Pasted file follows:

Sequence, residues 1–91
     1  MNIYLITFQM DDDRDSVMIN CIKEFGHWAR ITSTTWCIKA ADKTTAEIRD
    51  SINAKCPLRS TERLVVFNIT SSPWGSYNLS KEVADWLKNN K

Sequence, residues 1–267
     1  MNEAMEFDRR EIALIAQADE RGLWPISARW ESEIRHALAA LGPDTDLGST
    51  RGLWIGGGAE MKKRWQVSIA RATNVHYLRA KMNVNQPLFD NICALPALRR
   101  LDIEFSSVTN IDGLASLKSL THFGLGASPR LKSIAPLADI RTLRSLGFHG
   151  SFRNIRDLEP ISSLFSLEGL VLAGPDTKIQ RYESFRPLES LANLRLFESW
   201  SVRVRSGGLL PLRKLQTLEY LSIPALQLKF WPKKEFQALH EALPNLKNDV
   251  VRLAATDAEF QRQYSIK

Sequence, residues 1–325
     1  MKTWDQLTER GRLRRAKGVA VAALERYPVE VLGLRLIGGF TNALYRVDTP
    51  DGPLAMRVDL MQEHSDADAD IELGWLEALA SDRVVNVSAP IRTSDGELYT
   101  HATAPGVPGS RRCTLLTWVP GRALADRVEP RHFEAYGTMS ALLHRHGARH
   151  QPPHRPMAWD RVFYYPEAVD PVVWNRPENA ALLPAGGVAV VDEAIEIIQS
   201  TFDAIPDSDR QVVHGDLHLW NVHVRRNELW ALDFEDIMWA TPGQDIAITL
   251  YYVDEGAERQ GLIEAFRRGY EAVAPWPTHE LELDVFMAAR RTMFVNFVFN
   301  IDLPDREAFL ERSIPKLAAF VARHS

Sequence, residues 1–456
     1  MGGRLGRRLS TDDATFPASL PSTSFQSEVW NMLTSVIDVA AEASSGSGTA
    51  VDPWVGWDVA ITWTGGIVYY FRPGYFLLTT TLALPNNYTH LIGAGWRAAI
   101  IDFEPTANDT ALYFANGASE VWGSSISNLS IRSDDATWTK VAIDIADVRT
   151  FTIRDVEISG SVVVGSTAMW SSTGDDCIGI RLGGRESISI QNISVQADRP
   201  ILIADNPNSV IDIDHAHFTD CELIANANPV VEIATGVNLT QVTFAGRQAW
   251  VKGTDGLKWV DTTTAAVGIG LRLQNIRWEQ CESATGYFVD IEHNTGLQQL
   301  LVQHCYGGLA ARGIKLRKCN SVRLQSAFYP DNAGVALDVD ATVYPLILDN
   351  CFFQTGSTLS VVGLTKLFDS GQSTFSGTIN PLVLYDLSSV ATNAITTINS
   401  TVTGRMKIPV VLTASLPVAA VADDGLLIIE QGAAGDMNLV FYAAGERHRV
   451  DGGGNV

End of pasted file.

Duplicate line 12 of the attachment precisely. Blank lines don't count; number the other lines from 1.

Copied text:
     1  MKTWDQLTER GRLRRAKGVA VAALERYPVE VLGLRLIGGF TNALYRVDTP